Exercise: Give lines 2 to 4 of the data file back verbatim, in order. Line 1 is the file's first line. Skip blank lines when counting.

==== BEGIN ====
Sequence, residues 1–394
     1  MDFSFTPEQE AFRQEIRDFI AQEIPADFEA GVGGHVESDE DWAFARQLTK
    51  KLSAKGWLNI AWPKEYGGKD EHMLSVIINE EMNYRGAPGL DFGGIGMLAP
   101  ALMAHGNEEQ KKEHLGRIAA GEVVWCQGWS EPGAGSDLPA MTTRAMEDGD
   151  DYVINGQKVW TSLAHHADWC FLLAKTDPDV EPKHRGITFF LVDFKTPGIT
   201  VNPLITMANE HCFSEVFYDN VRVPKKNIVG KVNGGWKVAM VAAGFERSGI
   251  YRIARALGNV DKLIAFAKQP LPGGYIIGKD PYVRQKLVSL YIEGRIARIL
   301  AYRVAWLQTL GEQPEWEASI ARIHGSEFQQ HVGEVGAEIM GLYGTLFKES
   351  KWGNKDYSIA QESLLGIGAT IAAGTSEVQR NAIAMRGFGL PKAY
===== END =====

     1  MDFSFTPEQE AFRQEIRDFI AQEIPADFEA GVGGHVESDE DWAFARQLTK
    51  KLSAKGWLNI AWPKEYGGKD EHMLSVIINE EMNYRGAPGL DFGGIGMLAP
   101  ALMAHGNEEQ KKEHLGRIAA GEVVWCQGWS EPGAGSDLPA MTTRAMEDGD